Medicaid Coverage More Important in Rural Wisconsin than Metropolitan Areas

More people living in small towns and rural WI rely on Medicaid than in cities

June 09, 2017

Children living in rural areas of Wisconsin are more dependent on the Medicaid program than those living in larger metropolitan areas, according to a new study, "Medicaid in Small Towns and Rural America: A Lifeline for Children, Families and Communities," released by Georgetown University Health Policy Institute. Statewide, 34 percent of children with Medicaid coverage live in a rural areas, compared to 31 percent in metropolitan areas of the state.

Slightly more adults are covered by Medicaid (14 percent compared to 13 percent) in non-metropolitan areas than in metro areas of the state, as well.

In seven Wisconsin counties, nearly half of the children are in the Medicaid program. Only one of those--Milwaukee County—is classified as a metropolitan area. See chart below.

"Medicaid is vitally important and in fact disproportionately important for families living in rural America," Joan Alker, executive director of Georgetown’s Center for Children and Families, told reporters on a press call, as reported in Wisconsin Health News (WHN) June 7, 2017.

The report shows the national uninsured rate for children and adults in rural areas has fallen in recent years due to the combination of Medicaid coverage and access to subsidies in the exchange. Wisconsin did not take the federal Medicaid expansion dollars (which to date would have totaled $1.75 billion in federal dollars and expenditures of $680 million less in GPR), but did expand Medicaid to cover all with income below 100 percent of the federal poverty level, adding some 130,000 people who are "in poverty" to Medicaid.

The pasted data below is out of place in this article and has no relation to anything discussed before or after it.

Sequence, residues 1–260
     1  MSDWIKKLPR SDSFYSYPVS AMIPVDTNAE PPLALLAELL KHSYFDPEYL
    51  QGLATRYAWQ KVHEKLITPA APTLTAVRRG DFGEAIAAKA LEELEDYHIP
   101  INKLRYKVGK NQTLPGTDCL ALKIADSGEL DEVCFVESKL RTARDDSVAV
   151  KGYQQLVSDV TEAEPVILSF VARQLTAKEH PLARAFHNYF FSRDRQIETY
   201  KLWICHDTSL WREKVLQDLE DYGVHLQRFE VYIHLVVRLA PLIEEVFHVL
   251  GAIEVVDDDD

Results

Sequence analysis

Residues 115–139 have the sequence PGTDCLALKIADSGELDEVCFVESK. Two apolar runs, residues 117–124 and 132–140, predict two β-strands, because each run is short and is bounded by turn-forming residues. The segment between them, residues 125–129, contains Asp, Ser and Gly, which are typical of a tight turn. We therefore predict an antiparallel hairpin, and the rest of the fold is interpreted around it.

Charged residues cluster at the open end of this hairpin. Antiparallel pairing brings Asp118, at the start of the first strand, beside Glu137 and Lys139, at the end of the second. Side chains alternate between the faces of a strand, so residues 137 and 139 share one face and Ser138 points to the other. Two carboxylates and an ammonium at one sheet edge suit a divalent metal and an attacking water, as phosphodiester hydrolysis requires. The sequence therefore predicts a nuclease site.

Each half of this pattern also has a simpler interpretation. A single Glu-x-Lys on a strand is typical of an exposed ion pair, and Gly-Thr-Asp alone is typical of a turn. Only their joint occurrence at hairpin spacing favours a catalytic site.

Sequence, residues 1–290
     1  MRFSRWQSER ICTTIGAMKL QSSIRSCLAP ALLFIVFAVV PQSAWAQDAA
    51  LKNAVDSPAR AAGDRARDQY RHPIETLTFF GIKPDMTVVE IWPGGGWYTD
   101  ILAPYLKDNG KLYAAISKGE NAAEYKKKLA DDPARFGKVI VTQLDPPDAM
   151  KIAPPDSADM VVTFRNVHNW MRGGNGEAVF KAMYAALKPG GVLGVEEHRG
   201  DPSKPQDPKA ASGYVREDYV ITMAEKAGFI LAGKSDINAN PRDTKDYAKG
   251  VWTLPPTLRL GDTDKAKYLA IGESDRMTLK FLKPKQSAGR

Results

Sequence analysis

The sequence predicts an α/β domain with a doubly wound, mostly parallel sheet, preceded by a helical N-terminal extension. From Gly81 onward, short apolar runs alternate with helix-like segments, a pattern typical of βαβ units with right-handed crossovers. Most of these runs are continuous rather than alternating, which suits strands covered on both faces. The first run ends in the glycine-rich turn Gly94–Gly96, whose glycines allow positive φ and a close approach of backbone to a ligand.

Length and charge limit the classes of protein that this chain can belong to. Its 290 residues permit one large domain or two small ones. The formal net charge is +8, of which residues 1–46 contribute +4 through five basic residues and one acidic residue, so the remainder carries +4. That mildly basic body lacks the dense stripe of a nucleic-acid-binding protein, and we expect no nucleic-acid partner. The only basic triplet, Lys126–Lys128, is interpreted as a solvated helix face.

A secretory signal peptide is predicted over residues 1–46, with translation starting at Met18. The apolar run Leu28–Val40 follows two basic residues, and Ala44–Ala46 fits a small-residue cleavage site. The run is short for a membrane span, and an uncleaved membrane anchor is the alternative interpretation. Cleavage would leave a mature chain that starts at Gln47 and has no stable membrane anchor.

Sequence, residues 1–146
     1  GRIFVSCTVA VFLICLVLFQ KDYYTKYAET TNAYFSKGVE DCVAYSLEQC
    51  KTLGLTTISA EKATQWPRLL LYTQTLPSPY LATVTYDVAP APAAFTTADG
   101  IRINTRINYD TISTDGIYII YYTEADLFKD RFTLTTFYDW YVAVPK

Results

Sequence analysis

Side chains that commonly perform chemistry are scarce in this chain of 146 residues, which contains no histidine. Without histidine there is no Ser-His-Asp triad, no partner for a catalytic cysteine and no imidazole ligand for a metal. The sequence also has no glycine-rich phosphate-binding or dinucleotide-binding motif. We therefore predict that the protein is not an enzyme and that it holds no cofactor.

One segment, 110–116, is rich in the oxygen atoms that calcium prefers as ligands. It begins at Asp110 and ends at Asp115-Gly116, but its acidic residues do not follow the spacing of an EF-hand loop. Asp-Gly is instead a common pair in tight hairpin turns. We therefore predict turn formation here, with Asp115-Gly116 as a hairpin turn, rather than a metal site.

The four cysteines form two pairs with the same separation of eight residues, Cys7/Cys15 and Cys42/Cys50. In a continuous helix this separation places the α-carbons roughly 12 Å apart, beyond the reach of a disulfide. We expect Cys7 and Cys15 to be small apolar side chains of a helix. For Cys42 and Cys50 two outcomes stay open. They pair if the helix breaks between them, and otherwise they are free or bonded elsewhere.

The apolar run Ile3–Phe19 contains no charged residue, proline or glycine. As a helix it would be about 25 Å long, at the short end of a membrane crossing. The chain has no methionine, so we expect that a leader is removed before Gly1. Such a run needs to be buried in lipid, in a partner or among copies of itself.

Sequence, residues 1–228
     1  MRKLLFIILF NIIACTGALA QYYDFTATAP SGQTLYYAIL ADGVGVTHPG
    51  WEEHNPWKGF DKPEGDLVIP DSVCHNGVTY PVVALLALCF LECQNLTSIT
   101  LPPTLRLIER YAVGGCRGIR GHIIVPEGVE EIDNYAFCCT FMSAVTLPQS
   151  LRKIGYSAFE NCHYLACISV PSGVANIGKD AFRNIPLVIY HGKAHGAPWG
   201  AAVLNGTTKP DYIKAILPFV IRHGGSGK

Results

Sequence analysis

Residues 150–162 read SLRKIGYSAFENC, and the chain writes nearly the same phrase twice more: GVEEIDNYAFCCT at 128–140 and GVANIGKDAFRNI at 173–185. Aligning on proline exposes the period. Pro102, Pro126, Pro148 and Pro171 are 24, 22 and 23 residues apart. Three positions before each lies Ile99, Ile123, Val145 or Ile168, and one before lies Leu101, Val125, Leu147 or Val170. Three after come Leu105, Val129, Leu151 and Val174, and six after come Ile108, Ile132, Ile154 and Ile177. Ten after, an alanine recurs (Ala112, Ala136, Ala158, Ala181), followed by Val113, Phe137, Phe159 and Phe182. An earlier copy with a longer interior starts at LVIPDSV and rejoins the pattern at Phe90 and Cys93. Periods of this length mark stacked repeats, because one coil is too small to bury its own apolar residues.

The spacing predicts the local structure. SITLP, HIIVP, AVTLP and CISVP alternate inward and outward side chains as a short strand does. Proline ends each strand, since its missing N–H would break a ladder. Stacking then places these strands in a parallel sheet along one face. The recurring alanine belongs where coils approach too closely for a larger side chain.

WHA President/CEO Eric Borgerding said the report is a timely reminder of the critical importance of the Medicaid program to the health of children living in rural areas of the state.

"More than 400,000 Wisconsin children are in the Medicaid program. That coverage means they are more likely to receive preventive care and live healthier, more productive lives into adulthood," Borgerding said.

According to the report, people who live in rural areas are more likely to live in poverty, have poorer health and less ability to access health care due to transportation issues.

"A quarter of Wisconsin’s non-elderly population reside in our small towns and rural areas. We must address the very real issues they face, many of which are tied to their ability to access health care," said Borgerding. "When people have coverage, they are more likely to see a physician and receive care. Any changes to the Medicaid program that reduce or remove that access will have a disproportionate impact on the health of our young people and clearly not move us in the direction of becoming a healthier state in the future."

The report noted that the importance of Medicaid for families in small towns and rural areas has grown over time. However, the number of kids who are uninsured is high in some parts of the state. The percent of children who are uninsured in Wisconsin is highest in Clark County, where 35 percent of the kids lack coverage; Milwaukee has the second highest uninsured rate among children at 27 percent.

This story originally appeared in the June 09, 2017 edition of WHA Newsletter